Thursday, 24 July 2014

The Road Between Us by Nigel Farndale

review by Maryom

June 1939 - two young men are arrested in a London hotel. Charles and Anselm are lovers - not a problem today but in 1939 it's illegal and, when they are discovered in compromising circumstances, there are penalties to be paid. Charles, a pilot in the RAF, is court-martialled for 'conduct unbecoming', and Anselm, an artist studying at the Slade, is deported back to Germany where he is sent to be 're-educated' in a labour camp. Separated by the war sweeping through Europe and by the prejudice of society, can their love survive?
In the present day - Charles's son, Edward, having been captured on a diplomatic mission to Afghanistan and held for eleven years in a cave is eventually freed. The timing and means of his release are puzzling - who, after all this time, has stepped in and paid the captors' ransom demands? Back home, Edward finds the world hard to adjust to. The everyday world has changed a lot in 11 years but there are more personally disturbing changes - his wife Frejya has died and Hannah, the daughter he remembers as a 9 year old, has grown into a carbon copy of her.


The Road Between Us is a compelling story wrapped around themes of discrimination, intolerance and the overwhelming power of love. The two story-lines unfold alternately, teasing the reader on to discover where and how they'll meet - for you know they will - uncovering deeply hidden family secrets on the way.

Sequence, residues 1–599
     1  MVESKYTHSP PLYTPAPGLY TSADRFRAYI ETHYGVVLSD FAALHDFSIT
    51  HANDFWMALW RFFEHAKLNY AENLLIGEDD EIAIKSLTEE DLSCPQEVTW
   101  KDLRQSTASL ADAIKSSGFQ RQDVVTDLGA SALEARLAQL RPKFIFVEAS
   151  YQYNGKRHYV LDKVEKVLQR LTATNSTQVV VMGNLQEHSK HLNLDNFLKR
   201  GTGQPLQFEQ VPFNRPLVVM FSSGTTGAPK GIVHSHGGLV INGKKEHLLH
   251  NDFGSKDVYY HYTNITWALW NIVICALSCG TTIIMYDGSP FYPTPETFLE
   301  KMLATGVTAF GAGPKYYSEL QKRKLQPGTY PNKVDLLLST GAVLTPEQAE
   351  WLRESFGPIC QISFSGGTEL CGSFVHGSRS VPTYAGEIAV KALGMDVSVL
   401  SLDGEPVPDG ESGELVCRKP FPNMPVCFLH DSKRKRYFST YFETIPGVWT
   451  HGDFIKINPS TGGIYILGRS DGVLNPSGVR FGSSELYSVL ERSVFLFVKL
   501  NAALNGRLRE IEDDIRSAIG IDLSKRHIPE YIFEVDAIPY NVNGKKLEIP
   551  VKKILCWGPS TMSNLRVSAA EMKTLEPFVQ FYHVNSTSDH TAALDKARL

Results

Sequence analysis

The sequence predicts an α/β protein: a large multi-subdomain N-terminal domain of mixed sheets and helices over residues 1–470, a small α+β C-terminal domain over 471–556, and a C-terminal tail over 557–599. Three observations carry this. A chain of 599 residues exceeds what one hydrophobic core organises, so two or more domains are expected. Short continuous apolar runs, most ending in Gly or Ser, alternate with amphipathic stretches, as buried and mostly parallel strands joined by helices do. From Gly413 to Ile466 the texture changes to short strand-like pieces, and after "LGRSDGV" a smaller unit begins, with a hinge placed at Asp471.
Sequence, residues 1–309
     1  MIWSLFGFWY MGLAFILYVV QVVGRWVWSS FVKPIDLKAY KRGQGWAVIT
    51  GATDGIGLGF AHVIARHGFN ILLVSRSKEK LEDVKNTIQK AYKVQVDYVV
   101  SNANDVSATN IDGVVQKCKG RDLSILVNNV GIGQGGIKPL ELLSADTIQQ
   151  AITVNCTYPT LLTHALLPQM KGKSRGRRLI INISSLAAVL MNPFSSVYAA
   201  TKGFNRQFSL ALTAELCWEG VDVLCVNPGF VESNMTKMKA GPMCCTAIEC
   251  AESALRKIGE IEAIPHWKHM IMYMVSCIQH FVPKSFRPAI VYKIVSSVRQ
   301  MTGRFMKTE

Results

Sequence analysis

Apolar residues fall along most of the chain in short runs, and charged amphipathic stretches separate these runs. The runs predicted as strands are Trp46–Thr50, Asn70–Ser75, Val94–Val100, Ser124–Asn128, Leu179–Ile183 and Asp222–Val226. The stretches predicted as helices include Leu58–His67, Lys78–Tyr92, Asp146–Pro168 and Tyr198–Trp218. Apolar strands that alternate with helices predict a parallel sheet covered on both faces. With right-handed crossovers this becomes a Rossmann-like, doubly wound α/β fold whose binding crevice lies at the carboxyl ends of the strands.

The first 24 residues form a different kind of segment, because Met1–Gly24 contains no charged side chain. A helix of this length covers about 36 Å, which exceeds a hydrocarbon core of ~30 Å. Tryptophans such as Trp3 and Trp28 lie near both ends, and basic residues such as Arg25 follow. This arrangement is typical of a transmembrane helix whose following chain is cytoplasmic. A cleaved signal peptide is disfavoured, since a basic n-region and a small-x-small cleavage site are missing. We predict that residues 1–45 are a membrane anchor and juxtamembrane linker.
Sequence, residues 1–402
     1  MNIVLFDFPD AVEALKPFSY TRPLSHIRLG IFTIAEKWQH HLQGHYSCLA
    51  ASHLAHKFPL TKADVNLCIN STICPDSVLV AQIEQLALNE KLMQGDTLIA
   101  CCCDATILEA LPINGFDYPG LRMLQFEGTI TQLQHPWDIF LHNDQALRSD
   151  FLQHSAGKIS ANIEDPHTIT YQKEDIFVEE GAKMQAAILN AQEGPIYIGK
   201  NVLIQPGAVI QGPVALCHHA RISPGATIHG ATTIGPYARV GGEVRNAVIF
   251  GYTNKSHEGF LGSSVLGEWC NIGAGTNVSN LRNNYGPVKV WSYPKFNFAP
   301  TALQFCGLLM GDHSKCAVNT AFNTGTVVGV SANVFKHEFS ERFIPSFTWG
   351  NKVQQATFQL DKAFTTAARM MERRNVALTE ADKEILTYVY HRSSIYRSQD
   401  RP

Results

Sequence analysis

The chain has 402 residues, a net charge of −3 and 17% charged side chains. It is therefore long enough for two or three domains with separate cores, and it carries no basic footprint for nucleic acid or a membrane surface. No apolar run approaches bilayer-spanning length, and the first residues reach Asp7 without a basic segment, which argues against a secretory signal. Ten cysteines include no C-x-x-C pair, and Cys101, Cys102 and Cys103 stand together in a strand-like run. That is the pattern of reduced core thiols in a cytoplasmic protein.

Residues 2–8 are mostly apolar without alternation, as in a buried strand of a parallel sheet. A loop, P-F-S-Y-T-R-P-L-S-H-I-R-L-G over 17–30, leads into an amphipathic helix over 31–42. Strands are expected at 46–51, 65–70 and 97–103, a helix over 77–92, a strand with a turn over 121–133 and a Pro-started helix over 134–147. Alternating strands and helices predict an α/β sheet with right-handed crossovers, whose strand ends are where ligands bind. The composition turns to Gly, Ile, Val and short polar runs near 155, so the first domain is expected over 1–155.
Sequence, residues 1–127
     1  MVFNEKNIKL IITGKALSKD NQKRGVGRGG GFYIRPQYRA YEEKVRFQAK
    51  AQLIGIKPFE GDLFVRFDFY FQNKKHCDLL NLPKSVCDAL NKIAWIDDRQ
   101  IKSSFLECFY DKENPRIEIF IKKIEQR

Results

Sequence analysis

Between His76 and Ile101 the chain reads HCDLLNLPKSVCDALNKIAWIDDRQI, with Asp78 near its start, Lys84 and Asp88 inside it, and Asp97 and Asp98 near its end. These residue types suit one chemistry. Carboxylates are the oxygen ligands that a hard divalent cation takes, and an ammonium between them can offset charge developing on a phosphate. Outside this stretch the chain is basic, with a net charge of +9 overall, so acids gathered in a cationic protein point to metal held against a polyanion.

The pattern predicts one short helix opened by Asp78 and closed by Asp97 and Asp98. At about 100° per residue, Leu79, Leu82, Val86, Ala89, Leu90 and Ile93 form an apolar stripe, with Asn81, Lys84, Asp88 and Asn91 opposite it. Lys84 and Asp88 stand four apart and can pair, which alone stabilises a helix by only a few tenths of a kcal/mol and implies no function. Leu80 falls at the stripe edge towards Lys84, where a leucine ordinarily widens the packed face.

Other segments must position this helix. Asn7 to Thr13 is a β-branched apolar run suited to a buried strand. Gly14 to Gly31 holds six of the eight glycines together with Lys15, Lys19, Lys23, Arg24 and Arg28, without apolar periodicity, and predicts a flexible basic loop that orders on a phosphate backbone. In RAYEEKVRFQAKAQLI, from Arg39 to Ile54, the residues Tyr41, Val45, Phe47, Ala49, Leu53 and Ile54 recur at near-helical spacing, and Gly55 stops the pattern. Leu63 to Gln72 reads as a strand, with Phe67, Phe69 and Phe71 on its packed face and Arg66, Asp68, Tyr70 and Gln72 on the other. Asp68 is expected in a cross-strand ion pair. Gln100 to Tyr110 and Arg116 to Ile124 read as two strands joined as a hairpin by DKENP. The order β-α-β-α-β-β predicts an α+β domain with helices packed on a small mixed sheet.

At its core The Road Between Us is a story about love - the strength that it gives, the power that it can hold over us and the sacrifices that have to be made for it - but it's not a cute hearts and flowers romance. It's dark, often distressing and disturbing in a variety of ways. Anselm's life in the labour camp is filled with casual cruelty - kept on the minimum rations, worked till exhaustion, experimented on in the name of rehabilitation, men are singled out for torture or summarily executed at the whim of the camp's commander - Edward's solitary imprisonment in the dark plays on all our fears of claustrophobia and abandonment, and the physical, sexual attraction between him and Hannah, particularly Hannah's willingness to give in to it is disquieting to say the least. Taken as a whole, it's a deeply affecting story, one well worth a re-read  but first I'll catch up on the author's previous novel.

Somehow this book passed me by when it was first published and I only came across it thanks to the #bookadayuk initiative on Twitter started by Borough Press and now continuing with Doubleday where it was mentioned as a book that hadn't received the attention it deserved. I'm so glad I found it - even if a little late.


Maryom's review - 5 stars
Genre - adult fiction,

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